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Myths about Social Security

If you are wondering about your future Social Security benefits, you are not alone. Social Security is a strange political animal. On the one hand, it is politically sacrosanct — both Democrats and Republicans have kept it off-limits in their efforts to balance the federal budget. At the same time, when polled, most younger Americans say that they do not expect Social Security to be around for them when they retire.

Both attitudes towards Social Security reflect misunderstandings about the program’s funding. Those without faith in the program should be assured that it will be around to contribute to the retirements of today’s workers, even if no one should depend on it as his or her sole retirement income.

Myth 1: The Social Security ‘Trust Fund’

Although the Social Security Administration measures its surplus or deficit in terms of a “trust fund,” in fact no such entity exists. As a result of this terminology, most Americans believe that their payroll taxes go into an account to be drawn on when they retire. In fact, their taxes simply go to pay benefits to current retirees, with the surplus going to pay other costs of government.

Currently, the payroll tax is bringing in more than is necessary to pay current retirees and those on disability: In 1999, there were revenues of $527 billion and distributions of $393 billion, resulting in a $134 billion surplus. The federal government keeps track of the surplus and in effect signs an IOU to repay the Social Security system with interest when needed.

Myth 2: Workers get less out of the system than they paid in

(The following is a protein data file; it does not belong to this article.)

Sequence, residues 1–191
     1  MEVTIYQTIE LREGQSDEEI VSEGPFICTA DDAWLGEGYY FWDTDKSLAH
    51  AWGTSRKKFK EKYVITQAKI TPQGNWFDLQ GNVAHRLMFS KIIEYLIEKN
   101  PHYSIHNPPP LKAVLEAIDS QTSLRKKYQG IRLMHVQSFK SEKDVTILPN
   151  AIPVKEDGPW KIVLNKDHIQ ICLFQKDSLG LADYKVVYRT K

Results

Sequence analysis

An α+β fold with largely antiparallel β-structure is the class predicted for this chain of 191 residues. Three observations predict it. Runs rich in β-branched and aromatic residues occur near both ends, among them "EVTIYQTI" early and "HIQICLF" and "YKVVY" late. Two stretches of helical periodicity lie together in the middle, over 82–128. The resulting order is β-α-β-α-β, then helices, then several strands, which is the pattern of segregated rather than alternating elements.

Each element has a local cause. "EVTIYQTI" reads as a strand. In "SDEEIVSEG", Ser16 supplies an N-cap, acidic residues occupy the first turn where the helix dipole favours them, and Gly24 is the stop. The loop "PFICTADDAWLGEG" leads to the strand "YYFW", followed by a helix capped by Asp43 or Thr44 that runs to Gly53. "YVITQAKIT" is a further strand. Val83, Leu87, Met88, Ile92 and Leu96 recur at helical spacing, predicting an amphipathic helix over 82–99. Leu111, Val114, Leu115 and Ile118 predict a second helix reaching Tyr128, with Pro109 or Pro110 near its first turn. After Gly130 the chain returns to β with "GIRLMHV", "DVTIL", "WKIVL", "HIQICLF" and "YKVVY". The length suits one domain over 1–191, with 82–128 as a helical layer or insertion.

While the current Social Security payroll tax is 15.3 percent on income up to $90,000 a year (2005 figure), the tax rates and the wage base were much lower when most current retirees were working and contributing to the system. As recently as 1972, the maximum payroll tax paid (by the employee) was only $419 a year. Even including interest earned since the contributions were made, most retirees receive back significantly more than they contributed.

This may not be true for current workers, since both the tax and the wage base upon which the tax is determined have increased dramatically since the 1970s. Whether current workers will recover their entire investment will depend in part on how long they live, whether they are married and whether they earned a high or low wage.

Myth 3: The Social Security system is bankrupt

Due to anticipated demographic developments, at some time in the future Social Security benefits will exceed revenues from the payroll tax. This means that benefits will have to be cut or postponed, or that the difference will have to be made up from federal tax revenues, or both. The federal government can’t go bankrupt like an individual or company. It must meet its obligations, and it will do so. Additionally, dire predictions abut the insolvency of the system fail to consider the possibility of immigration or another “baby boom” increasing the number of wage earners in future years, or the effect of an increasingly productive economy.

Myth 4: Proportionality